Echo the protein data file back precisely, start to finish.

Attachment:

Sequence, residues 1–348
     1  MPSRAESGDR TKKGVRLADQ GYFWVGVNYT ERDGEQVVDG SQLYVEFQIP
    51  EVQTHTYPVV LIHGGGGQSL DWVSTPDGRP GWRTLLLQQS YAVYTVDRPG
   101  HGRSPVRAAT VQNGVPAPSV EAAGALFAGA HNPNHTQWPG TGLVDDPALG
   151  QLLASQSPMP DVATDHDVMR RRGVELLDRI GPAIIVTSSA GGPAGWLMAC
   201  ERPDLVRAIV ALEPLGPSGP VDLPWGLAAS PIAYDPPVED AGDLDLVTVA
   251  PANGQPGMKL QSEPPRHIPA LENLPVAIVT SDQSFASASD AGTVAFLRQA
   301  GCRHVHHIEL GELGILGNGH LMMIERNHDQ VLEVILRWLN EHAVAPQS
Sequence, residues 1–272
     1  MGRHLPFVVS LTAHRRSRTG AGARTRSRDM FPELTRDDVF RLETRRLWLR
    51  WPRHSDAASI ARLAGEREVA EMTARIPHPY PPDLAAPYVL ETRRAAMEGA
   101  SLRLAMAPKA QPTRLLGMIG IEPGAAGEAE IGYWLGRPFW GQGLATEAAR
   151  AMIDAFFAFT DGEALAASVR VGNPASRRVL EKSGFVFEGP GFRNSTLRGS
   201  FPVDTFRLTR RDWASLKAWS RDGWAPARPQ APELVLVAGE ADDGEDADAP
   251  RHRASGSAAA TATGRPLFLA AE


Sequence, residues 1–348
     1  MPSRAESGDR TKKGVRLADQ GYFWVGVNYT ERDGEQVVDG SQLYVEFQIP
    51  EVQTHTYPVV LIHGGGGQSL DWVSTPDGRP GWRTLLLQQS YAVYTVDRPG
   101  HGRSPVRAAT VQNGVPAPSV EAAGALFAGA HNPNHTQWPG TGLVDDPALG
   151  QLLASQSPMP DVATDHDVMR RRGVELLDRI GPAIIVTSSA GGPAGWLMAC
   201  ERPDLVRAIV ALEPLGPSGP VDLPWGLAAS PIAYDPPVED AGDLDLVTVA
   251  PANGQPGMKL QSEPPRHIPA LENLPVAIVT SDQSFASASD AGTVAFLRQA
   301  GCRHVHHIEL GELGILGNGH LMMIERNHDQ VLEVILRWLN EHAVAPQS
Sequence, residues 1–272
     1  MGRHLPFVVS LTAHRRSRTG AGARTRSRDM FPELTRDDVF RLETRRLWLR
    51  WPRHSDAASI ARLAGEREVA EMTARIPHPY PPDLAAPYVL ETRRAAMEGA
   101  SLRLAMAPKA QPTRLLGMIG IEPGAAGEAE IGYWLGRPFW GQGLATEAAR
   151  AMIDAFFAFT DGEALAASVR VGNPASRRVL EKSGFVFEGP GFRNSTLRGS
   201  FPVDTFRLTR RDWASLKAWS RDGWAPARPQ APELVLVAGE ADDGEDADAP
   251  RHRASGSAAA TATGRPLFLA AE